Condition, The

Eustachy Rylski
Condition, The
  • Świat Książki
    Warsaw 2005
    130 x 205
    256 pages
    ISBN 83-247-0044-7
    Translations rights: Bertelsmann Media

This book reminds me of Ridley Scott’s film The Duel, which was based on a story by Joseph Conrad with the same title. The main protagonists in The Condition are two Napoleonic officers who get themselves involved in an idiotic duel, and forever after keep duelling in various ways over and over again, until it leads to the death of one of them. The heroes of Rylski’s story are the recklessly fearless light cavalryman Captain Andrzej Rangułt, a squire from Nekla in Lithuania, at one time the district troublemaker, and Lieutenant Semen Hoszowski, “son of a priest from Wikanówka, in deepest Volhynia”, a former tutor to the sons of Ukrainian estate owners who has managed to achieve the rank of an officer, but never stops suffering from an inferiority complex. The story of their strange acquaintance, or rather love-hate relationship, which began at the siege of Moscow, is marked by various stages: first the duels, then enforced desertion, an escape home across the frozen wastes of Russia, a sojourn at Rangułt’s estate in Lithuania, and finally a period of recuperation full of dramatic events that will end in the death of Rangułt’s army comrades, followed by his own death and Hoszowski’s re-birth with a mission to uphold the Napoleonic legend.
Rylski writes colourful, realistic prose, and some critics in Poland have acclaimed his work as a masterpiece.

Marek Zaleski


All around the world was at a standstill. The earth had set solid. The sky had sunk into the horizon. The wind had dropped. On the edge of a fallow field, on the far side of a winding stream, a ground squirrel stood on its hind legs. It folded its paws under its snout and froze. A pair of hawks spread their wings as they crossed paths in flight. Everything cowered down.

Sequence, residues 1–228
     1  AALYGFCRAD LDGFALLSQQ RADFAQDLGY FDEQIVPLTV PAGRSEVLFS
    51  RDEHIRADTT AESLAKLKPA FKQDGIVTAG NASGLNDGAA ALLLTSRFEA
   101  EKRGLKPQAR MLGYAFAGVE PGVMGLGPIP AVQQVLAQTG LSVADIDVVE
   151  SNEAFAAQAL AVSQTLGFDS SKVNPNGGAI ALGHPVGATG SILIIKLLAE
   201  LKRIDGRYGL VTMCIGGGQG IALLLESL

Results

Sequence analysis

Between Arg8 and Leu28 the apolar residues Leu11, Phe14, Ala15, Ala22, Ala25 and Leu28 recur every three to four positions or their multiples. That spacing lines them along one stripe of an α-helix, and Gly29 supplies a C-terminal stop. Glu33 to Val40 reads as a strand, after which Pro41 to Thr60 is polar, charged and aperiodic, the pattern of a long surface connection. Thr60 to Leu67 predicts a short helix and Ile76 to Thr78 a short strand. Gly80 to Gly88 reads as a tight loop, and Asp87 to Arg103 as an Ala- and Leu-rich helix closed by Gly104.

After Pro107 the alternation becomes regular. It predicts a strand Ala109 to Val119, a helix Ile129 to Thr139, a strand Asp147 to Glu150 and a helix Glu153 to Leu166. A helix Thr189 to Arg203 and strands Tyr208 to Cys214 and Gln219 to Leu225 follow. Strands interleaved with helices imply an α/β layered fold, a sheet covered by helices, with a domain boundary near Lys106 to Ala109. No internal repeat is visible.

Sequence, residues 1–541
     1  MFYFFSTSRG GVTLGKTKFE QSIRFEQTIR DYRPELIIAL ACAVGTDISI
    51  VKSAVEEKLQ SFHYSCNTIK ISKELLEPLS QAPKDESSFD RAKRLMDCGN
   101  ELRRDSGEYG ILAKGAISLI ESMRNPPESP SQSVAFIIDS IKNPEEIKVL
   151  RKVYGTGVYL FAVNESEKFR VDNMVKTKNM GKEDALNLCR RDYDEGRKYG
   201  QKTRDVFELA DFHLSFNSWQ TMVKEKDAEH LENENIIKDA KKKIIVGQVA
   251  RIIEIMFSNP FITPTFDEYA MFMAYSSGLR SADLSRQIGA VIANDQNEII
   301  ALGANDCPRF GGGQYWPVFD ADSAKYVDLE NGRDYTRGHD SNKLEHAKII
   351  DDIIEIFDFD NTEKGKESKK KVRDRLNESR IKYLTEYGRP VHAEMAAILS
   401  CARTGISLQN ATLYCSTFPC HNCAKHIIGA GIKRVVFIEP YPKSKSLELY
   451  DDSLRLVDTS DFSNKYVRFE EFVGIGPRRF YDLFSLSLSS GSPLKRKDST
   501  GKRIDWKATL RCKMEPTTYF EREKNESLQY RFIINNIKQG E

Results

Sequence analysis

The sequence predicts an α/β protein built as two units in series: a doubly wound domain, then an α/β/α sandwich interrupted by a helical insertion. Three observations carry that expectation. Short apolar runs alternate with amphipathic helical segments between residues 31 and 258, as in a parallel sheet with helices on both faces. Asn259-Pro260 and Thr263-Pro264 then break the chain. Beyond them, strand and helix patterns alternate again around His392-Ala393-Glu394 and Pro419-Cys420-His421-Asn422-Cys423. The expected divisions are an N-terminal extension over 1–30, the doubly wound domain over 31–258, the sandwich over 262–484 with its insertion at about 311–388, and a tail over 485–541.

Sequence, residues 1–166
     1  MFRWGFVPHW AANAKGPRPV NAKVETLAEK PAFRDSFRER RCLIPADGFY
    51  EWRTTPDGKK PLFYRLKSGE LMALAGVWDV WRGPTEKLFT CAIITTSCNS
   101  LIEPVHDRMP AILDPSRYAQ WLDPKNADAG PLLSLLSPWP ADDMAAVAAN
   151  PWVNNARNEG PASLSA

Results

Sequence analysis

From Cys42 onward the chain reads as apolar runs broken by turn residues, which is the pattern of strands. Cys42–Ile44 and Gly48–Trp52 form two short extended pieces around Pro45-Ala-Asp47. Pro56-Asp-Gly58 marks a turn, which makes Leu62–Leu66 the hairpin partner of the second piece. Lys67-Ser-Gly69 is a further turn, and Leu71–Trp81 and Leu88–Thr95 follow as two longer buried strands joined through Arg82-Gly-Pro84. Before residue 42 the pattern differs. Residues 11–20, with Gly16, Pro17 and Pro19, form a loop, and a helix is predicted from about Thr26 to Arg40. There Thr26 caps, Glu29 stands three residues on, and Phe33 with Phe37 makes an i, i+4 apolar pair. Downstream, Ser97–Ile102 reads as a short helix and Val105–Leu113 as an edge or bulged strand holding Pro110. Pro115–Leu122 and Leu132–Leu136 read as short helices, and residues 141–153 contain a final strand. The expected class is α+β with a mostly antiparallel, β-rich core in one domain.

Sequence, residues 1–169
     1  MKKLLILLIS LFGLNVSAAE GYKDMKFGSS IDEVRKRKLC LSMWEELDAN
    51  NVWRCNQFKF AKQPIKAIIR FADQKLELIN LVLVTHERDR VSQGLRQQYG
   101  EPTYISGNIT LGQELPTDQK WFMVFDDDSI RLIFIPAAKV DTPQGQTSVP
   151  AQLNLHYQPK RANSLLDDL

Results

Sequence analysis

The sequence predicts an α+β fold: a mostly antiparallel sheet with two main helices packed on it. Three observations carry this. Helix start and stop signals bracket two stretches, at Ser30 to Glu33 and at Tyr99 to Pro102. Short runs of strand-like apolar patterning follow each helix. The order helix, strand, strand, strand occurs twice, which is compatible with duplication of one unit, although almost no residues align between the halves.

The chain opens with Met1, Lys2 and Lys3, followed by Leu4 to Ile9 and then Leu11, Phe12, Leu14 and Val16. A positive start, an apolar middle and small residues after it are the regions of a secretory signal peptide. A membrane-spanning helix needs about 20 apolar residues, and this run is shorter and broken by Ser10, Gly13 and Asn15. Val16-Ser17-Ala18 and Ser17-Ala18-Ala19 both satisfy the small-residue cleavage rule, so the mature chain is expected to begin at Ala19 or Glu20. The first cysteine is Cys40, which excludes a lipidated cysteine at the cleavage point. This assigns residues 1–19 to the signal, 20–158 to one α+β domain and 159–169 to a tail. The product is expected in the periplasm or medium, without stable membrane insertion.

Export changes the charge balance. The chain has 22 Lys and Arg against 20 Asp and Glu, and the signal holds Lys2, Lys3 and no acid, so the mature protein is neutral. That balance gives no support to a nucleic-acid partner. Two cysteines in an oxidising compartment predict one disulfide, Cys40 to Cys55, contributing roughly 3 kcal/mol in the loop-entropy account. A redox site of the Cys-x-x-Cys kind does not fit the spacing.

Just four men went about their business, without hurrying, but without lagging either.
First they all went up to each other. Then they conspired. Then two of them turned back to back, each holding a pistol. The smaller one faced towards the park and the back of the mansion in the distance, the taller towards the river, with his right arm hanging lifelessly down his body. The other two walked off to the sides, one to the left, the other to the right. The men with the pistols kept moving forwards. After fifteen paces they stopped and turned to face each other. Their comrades did exactly the same, at the same distance from each other. The four of them marked out two triangles joined on the diagonal. No inequality marred their geometry. The two pistol barrels were raised to shoulder height in total silence.
Rangułt pulled the trigger. The flint snapped dryly. A spark ignited and went out. Hoszowski took his time.
He aimed deuced carefully. The eastern officer closed his eyes. Heltrein stared into the distance. Rangułt could not control his shaking. The useless weapon slipped from his fingers.
Slowly but inevitably, the lieutenant’s wide open eye, the raised sights, the bead above the mouth of the four-cornered barrel and the captain’s brow began to form a single line with nothing in its way.
Hoszowski gently tried the trigger, and it moved as if on rails. Well done the regimental gunsmith! The eastern officer hid his face in his hands. Hoszowski released the trigger.
“Please shoot!” cried Heltrein hysterically.
“Now?” asked Hoszowski calmly.
“At once!”
On this command a flock of starlings burst out of the blackthorn, disturbing the general stillness. The dry whirring of their wings hung in the air.
“Shoot, you swine!” Heltrein had lost his self-control.
Calm until now, the lieutenant’s face assumed an unpleasant scowl as he pulled the trigger. A roar like a cannon, a trail of smoke, the squirrel ran hell for leather, and Heltrein tumbled to the ground with half his face shot away. The convulsions did not last for long. Hoszowski grasped the still smoking barrel of his pistol and spread his arms wide.
With this gesture of surprise he went up to the eastern officer, who was hiding his face in his hands.